Actuarial Outpost Not Understanding This Mortality Formula
 Register Blogs Wiki FAQ Calendar Search Today's Posts Mark Forums Read
 FlashChat Actuarial Discussion Preliminary Exams CAS/SOA Exams Cyberchat Around the World Suggestions

 Long-Term Actuarial Math Old Exam MLC Forum

#1
02-21-2019, 10:28 PM
 SweepingRocks Member SOA Join Date: Jun 2017 College: Bentley University Posts: 122
Not Understanding This Mortality Formula

https://imgur.com/a/bFdEfxA

Here's the thing I'm having an issue with. I understand that the force multiplied by the probability of survival is equal to the probability of death at the time of the force.

I don't understand the jump from the second line to the third line. Wouldn't tP'(1)x * ux+t be equal to tq'(1)x? Why are we jumping to the conclusion that it's a constant q'(1)x? The video just says it's constant because UDD, but I'm having trouble making the connection.

__________________
FM P MFE STAM LTAM in April

Former Disney World Cast Member, currently no idea what I'm doing

"I think you should refrain from quoting yourself. It sounds pompous." - SweepingRocks
#2
02-21-2019, 10:54 PM
 Academic Actuary Member Join Date: Sep 2009 Posts: 8,572

Factoring out the q' requires the UDD assumption. Under UDD deaths are at a constant rate over the year. That constant rate is q'x.
#3
02-21-2019, 11:10 PM
 SweepingRocks Member SOA Join Date: Jun 2017 College: Bentley University Posts: 122

Quote:
 Originally Posted by Academic Actuary Factoring out the q' requires the UDD assumption. Under UDD deaths are at a constant rate over the year. That constant rate is q'x.
Okay back up. Still confused. I thought tP'x * u(x+t). Would be the rate of deaths during the period x to x+t. If t<1, I get that the rate would be constant, but I don't see how we get the annual death rate q'x, rather than t*q'x.

In other words, I don't see how if we're taking someone surviving t years (t<1), then they die at time t, then saying that's the same as the chances of someone dying in the first year.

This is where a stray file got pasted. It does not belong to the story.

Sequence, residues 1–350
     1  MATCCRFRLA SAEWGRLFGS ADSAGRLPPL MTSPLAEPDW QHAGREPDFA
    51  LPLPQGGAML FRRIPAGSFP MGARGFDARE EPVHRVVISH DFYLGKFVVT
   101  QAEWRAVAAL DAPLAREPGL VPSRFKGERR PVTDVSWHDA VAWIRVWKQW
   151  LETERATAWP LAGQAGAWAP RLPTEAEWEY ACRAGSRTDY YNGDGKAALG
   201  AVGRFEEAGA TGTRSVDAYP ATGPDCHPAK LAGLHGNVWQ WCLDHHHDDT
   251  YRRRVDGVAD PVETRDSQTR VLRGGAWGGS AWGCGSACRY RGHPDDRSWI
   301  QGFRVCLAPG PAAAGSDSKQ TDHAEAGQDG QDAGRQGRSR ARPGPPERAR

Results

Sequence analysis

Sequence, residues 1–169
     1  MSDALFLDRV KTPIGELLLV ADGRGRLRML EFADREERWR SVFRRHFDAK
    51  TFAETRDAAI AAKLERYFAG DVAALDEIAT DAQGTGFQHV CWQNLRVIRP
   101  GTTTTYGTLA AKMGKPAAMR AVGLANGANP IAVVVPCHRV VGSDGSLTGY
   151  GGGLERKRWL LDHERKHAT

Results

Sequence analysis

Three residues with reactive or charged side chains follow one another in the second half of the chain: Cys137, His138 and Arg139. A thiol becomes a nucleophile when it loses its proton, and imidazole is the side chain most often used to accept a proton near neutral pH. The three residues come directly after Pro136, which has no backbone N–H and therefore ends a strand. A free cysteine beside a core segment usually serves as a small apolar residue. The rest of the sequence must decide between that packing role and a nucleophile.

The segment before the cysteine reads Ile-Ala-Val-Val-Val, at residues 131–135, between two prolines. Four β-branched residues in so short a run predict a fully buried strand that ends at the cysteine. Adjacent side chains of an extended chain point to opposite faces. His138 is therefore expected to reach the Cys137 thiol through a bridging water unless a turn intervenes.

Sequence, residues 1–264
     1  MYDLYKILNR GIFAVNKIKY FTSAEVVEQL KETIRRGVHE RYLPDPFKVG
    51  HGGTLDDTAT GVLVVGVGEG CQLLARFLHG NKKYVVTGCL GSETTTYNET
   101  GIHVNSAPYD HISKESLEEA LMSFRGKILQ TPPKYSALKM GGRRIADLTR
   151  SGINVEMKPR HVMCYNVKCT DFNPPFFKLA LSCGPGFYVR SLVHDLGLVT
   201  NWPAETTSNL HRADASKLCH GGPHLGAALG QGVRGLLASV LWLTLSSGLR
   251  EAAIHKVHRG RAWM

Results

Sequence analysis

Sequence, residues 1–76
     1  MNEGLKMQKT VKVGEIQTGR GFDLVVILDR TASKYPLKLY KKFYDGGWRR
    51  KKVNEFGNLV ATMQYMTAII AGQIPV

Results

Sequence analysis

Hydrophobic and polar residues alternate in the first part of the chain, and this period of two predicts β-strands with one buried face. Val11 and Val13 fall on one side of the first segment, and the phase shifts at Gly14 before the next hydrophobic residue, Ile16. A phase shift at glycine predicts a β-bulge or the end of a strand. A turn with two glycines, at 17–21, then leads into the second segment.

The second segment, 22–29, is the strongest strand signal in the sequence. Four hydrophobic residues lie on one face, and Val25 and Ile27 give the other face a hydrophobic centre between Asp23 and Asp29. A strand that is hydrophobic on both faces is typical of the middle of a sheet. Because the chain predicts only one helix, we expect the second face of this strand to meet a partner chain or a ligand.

__________________
FM P MFE STAM LTAM in April

Former Disney World Cast Member, currently no idea what I'm doing

"I think you should refrain from quoting yourself. It sounds pompous." - SweepingRocks
#4
02-21-2019, 11:25 PM
 Academic Actuary Member Join Date: Sep 2009 Posts: 8,572

It's more intuitive to think of a cohort than an individual. Lets there are 1000000 lives at the beginning of the year with lets say q' = .02. The lives are dying at the rate of 20000/year with the number of deaths in any time interval proportional to the time interval. Over the year the number of survivors is decreasing by the force of mortality increases exactly enough to keep the rate of deaths constant.

UDD is equivalent to the product of the probability of survival and the force of mortality is constant.
#5
02-21-2019, 11:30 PM
 SweepingRocks Member SOA Join Date: Jun 2017 College: Bentley University Posts: 122

Quote:
 Originally Posted by Academic Actuary It's more intuitive to think of a cohort than an individual. Lets there are 1000000 lives at the beginning of the year with lets say q' = .02. The lives are dying at the rate of 20000/year with the number of deaths in any time interval proportional to the time interval. Over the year the number of survivors is decreasing by the force of mortality increases exactly enough to keep the rate of deaths constant. UDD is equivalent to the product of the probability of survival and the force of mortality is constant.
That actually makes so much sense! Thank you very much!
__________________
FM P MFE STAM LTAM in April

Former Disney World Cast Member, currently no idea what I'm doing

"I think you should refrain from quoting yourself. It sounds pompous." - SweepingRocks